‘Fair rent does not mean reasonable rent but is the market rent minus the legislative exceptions’
THE determination of fair rent by court regarding houses and shops situated in a rent control area is regulated by article 8 of the Rent Control Law, which provides that no increase can be imposed upon a statutory tenant, unless as provided in the law. It is lawful for the statutory tenant or the landlord to apply to court for rent assessment if they consider that the amount payable is not fair. However, there is a reservation that no application can be submitted to court before the lapse of two years from the date the tenant received possession of the premises or from the last increase or reduction of the rent. It is also lawful for the tenant and the landlord to enter into negotiations and agree on any other increase in rent in writing, provided the increase will not be higher than the rate stated in the law and that no increase will be applied before the afforementioned lapse of two years. The law in article 8(4)(a) provides that the maximum increase rate cannot be higher than the one defined every two years through an order by the Council of Ministers after a recommendation by the Minister of Justice and Public Order, which was originally 14 per cent, gradually reduced to 8 per cent and then to 0 per cent for the period 22.4.2013-21.4.2023.
However, there is a reservation in the law, which is not affected by this reduction and provides that the fair rent can be determined based on 90 per cent of the average rent in the proximity of the premises in question. Therefore, if the rent payable is lower than 90 per cent, it can be increased and determined on this basis, unless the tenant is a refugee or a sufferer; in such a case, the rate cannot be higher than 80 per cent. For the determination of the fair rent, an expert valuer or a valuer appointed by the court must make a valuation, taking into account the market rent and the average rent in the proximity area, as well as all the circumstances, such as age, character, size, location, condition of the premises, where the building is listed, whether the landlord executed any works, the costs and services provided and so on.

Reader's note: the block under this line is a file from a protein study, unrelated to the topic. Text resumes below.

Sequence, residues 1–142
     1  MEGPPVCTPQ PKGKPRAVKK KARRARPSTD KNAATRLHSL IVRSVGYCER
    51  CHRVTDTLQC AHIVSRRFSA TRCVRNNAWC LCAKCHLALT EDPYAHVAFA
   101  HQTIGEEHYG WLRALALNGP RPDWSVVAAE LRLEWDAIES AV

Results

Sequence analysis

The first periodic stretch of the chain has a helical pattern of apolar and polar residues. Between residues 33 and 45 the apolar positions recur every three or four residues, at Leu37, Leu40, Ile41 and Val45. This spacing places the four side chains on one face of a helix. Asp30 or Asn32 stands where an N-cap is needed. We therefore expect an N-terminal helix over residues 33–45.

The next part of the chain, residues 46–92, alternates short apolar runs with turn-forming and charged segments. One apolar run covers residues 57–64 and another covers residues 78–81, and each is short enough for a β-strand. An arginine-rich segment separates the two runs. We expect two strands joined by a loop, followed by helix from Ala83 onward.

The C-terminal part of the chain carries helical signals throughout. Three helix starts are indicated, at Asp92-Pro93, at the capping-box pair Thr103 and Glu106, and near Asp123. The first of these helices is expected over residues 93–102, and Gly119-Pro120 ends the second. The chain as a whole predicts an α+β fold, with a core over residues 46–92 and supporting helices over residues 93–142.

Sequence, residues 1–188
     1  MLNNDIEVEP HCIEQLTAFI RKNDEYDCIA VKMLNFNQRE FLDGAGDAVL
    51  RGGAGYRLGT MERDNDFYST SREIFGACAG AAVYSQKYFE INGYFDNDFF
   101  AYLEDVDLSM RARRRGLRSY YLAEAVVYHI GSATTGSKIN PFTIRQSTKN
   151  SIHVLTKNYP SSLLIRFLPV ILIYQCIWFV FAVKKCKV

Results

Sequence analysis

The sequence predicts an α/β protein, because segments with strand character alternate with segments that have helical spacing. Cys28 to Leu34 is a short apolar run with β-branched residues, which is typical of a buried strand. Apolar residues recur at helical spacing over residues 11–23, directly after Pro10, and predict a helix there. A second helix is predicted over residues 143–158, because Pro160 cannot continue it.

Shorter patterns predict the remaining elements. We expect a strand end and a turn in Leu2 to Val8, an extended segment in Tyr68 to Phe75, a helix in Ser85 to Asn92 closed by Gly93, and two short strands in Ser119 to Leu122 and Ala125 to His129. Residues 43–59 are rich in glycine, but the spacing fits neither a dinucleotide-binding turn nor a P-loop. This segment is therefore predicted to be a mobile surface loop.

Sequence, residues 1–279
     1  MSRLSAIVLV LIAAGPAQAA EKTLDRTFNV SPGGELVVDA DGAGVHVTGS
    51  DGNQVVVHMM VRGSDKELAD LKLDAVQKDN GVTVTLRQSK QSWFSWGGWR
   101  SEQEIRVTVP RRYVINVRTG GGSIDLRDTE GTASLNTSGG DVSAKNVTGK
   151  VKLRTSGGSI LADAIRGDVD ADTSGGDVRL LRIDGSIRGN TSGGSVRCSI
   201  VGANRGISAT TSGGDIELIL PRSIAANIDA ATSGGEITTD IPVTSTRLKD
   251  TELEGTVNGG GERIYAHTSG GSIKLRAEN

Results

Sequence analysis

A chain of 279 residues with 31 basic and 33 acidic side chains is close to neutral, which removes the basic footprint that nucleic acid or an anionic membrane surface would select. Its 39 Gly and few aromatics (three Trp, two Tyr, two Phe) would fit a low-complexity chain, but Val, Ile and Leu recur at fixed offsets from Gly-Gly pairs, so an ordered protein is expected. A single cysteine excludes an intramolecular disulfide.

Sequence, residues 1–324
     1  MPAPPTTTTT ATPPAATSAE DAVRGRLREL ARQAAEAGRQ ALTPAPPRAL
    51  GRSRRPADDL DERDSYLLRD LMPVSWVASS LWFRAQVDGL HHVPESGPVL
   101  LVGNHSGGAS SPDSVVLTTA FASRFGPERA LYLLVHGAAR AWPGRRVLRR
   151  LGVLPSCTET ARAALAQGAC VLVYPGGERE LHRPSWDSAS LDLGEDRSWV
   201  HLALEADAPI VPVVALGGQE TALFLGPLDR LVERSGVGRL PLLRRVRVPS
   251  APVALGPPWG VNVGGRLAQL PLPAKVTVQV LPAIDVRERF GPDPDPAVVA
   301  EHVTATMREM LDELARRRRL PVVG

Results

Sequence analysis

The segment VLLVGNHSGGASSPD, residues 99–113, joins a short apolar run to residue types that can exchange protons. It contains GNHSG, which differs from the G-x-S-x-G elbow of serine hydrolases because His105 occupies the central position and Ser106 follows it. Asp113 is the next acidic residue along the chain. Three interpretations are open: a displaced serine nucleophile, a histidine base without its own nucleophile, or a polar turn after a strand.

The legal framework for the determination of fair rent was examined by the Rent Control Court in a judgment issued on January 20 in an application by a tenant for the reduction of the rent. As stated in the judgment, the procedure before the court includes the conduct of a search, either by the Court on its own motion or after an application by a litigant, through the officers/valuers of the Land Registry, whose appointment is approved by the Supreme Court and provided they have the relevant qualifications. The valuers, following court instructions, carry out a search and prepare a written valuation which they submit and copies are given to the litigants. The court may, in exceptional cases, order the preparation of further valuations. After giving the right to the litigants, landlord and tenant, to be heard and considering the restrictions and circumstances of the particular case, the court determines the fair rent as from the date of the filing of the application under examination.
The court added that in cases of re-assessment of the fair rent, the important primary actors are the expert valuers, whose testimony helps guide the court to its findings. The testimony of the litigants is of secondary importance, since their subjective perception regarding fair rent is of little value.
In the particular case, the court held that the premises in question did not fall under the meaning of the term “immovable property” as interpreted in the authority of Fysentzides and consequently it was not statutory under the Rent Control Law. The court had no jurisdiction to try the case and therefore dismissed the application, which was also found to be premature, since it was filed before the lapse of two years from the last increase of the rent.
George Coucounis is a lawyer in Larnaca and the founder of George Coucounis Llc, [email protected]